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Why Veru Stock Plummeted on Monday

What happened
Veru (NASDAQ: VERU) has found itself the target of a short-seller, and as a result the biotech company’s shares took a more than 12% hit on an otherwise upbeat Monday for the wider stock market. That short-seller didn’t mince words about its concerns with the company, which clearly left investors quite spooked about its future.
So what
Culper Research, an activist short-seller that in its words “seek[s] to expose companies which have misrepresented their operations, failed to disclose significant risks, misappropriated capital, possess accounting irregularities, or otherwise deceived investors,” published a blistering report on its short position in Veru.
Image source: Getty Images.

In a 10-tweet thread digesting the report and posted on Monday, Culper accused Veru of “glaring anomalies” in its phase 3 clinical trial of coronavirus drug sabizabulin. Among its raft of accusations, Culper wrote that the trial is significantly smaller than those conducted for other COVID drug candidates and demonstrated a worryingly high mortality rate.
The researcher is also highly unimpressed with the executives guiding the company. In the tweet thread, Culper wrote that “Veru’s top ranks harbor a history of alleged sham science, failure, and misrepresentation” and are “a team of alleged frauds and failures who now tout a COVID-19 drug.”
The publication of the report and the tweet thread come hot on the heels of the news that the Food and Drug Administration (FDA) has set a pre-Emergency Use Authorization (EUA) meeting date to discuss that phase 3 study data. This is set for next Tuesday, May 10.
Now what
Veru has not yet officially responded to Culper’s accusations, which are worrying. The rather eclectic biotech — it has a female contraceptive product, FC2, on the market, and is developing cancer drugs — has attracted much interest because of the apparently promising sabizabulin. Investors could turn away from the company in droves if the researcher’s allegations have merit, however.
Eric Volkman has no position in any of the stocks mentioned. The Motley Fool has no position in any of the stocks mentioned. The Motley Fool has a disclosure policy. –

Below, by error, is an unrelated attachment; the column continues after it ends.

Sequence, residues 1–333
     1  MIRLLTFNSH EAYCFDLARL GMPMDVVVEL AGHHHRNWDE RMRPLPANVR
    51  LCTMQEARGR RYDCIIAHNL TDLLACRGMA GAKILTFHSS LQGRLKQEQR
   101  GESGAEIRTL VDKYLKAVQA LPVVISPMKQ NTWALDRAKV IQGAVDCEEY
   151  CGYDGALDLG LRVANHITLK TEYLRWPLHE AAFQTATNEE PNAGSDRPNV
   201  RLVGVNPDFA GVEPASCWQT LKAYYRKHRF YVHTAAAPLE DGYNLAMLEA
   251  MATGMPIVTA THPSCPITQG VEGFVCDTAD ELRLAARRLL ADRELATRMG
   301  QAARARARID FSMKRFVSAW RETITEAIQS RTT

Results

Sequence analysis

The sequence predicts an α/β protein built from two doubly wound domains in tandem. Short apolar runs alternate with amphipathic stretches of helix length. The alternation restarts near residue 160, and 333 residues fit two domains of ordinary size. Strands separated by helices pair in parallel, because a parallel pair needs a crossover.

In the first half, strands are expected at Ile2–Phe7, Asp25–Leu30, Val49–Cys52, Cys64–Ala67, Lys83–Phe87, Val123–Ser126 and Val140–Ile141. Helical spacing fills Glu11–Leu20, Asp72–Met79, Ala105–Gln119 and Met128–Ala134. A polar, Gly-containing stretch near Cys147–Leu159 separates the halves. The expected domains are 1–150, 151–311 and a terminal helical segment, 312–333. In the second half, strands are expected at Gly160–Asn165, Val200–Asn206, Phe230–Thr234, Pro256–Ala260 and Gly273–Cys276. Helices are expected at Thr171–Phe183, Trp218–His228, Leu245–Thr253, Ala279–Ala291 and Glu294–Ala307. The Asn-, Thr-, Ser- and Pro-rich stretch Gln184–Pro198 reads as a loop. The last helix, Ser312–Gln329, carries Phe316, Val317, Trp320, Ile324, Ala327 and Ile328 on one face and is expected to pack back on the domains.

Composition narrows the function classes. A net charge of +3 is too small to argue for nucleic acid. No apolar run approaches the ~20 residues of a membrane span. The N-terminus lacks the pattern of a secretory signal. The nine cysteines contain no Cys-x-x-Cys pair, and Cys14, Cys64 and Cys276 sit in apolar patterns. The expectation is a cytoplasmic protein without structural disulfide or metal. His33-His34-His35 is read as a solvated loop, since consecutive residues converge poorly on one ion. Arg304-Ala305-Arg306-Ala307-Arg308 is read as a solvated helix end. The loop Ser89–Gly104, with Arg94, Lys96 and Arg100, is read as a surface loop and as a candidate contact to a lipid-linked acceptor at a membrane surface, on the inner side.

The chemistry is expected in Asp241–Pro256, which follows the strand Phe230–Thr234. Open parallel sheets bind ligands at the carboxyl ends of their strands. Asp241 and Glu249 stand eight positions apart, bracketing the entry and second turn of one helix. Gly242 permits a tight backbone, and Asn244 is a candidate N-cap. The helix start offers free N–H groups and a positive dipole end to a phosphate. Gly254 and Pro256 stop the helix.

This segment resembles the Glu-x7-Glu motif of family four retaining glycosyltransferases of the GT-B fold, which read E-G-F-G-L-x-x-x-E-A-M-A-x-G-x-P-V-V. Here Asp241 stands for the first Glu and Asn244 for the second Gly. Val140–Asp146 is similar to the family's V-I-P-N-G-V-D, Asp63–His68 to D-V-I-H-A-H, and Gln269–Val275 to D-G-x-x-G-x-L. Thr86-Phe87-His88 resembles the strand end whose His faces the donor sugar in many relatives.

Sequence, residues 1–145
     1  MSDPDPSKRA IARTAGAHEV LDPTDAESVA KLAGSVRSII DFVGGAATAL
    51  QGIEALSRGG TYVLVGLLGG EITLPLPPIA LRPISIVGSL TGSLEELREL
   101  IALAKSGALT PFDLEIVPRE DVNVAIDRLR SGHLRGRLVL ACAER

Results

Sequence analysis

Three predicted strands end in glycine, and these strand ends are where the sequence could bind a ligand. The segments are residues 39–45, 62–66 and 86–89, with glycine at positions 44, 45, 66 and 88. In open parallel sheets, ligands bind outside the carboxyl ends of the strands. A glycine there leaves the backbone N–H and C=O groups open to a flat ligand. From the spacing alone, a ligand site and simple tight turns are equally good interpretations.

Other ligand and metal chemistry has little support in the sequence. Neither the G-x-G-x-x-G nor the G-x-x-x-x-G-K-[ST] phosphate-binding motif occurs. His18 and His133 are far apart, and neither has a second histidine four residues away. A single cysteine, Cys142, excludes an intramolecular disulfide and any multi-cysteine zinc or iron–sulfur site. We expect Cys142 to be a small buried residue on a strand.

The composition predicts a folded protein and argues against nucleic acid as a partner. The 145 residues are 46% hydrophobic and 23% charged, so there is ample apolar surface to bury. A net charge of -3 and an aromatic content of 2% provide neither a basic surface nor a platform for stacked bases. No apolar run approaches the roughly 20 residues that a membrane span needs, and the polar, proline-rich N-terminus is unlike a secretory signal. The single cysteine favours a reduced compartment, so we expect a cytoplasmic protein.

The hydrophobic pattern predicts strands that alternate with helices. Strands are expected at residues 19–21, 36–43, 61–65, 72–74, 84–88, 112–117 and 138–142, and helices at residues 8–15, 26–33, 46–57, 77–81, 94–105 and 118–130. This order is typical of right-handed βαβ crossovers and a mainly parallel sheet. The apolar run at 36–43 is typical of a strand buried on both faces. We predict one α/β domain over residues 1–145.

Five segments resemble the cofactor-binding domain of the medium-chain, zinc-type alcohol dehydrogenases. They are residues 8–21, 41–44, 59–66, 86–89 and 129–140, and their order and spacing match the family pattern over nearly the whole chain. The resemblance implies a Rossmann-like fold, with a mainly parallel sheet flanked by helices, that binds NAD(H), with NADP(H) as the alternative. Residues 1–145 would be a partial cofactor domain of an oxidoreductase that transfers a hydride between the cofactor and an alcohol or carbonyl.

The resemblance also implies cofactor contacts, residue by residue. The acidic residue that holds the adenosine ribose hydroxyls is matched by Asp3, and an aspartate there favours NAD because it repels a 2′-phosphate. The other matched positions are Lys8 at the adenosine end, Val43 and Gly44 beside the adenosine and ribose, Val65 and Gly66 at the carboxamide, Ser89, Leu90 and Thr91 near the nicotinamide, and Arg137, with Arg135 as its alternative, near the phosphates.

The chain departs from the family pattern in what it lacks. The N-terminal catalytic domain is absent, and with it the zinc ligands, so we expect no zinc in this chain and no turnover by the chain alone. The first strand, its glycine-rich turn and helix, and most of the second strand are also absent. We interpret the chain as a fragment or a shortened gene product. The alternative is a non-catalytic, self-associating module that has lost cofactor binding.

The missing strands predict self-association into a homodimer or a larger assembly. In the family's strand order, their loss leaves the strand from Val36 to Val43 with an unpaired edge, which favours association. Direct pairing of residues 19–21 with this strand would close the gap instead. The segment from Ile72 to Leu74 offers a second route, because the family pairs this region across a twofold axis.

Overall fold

What happened

Veru (NASDAQ: VERU) has found itself the target of a short-seller, and as a result the biotech company’s shares took a more than 12% hit on an otherwise upbeat Monday for the wider stock market. That short-seller didn’t mince words about its concerns with the company, which clearly left investors quite spooked about its future.

So what

Culper Research, an activist short-seller that in its words “seek[s] to expose companies which have misrepresented their operations, failed to disclose significant risks, misappropriated capital, possess accounting irregularities, or otherwise deceived investors,” published a blistering report on its short position in Veru.

Image source: Getty Images.

In a 10-tweet thread digesting the report and posted on Monday, Culper accused Veru of “glaring anomalies” in its phase 3 clinical trial of coronavirus drug sabizabulin. Among its raft of accusations, Culper wrote that the trial is significantly smaller than those conducted for other COVID drug candidates and demonstrated a worryingly high mortality rate.

The researcher is also highly unimpressed with the executives guiding the company. In the tweet thread, Culper wrote that “Veru’s top ranks harbor a history of alleged sham science, failure, and misrepresentation” and are “a team of alleged frauds and failures who now tout a COVID-19 drug.”

The publication of the report and the tweet thread come hot on the heels of the news that the Food and Drug Administration (FDA) has set a pre-Emergency Use Authorization (EUA) meeting date to discuss that phase 3 study data. This is set for next Tuesday, May 10.

Now what

Veru has not yet officially responded to Culper’s accusations, which are worrying. The rather eclectic biotech — it has a female contraceptive product, FC2, on the market, and is developing cancer drugs — has attracted much interest because of the apparently promising sabizabulin. Investors could turn away from the company in droves if the researcher’s allegations have merit, however.

Eric Volkman has no position in any of the stocks mentioned. The Motley Fool has no position in any of the stocks mentioned. The Motley Fool has a disclosure policy.

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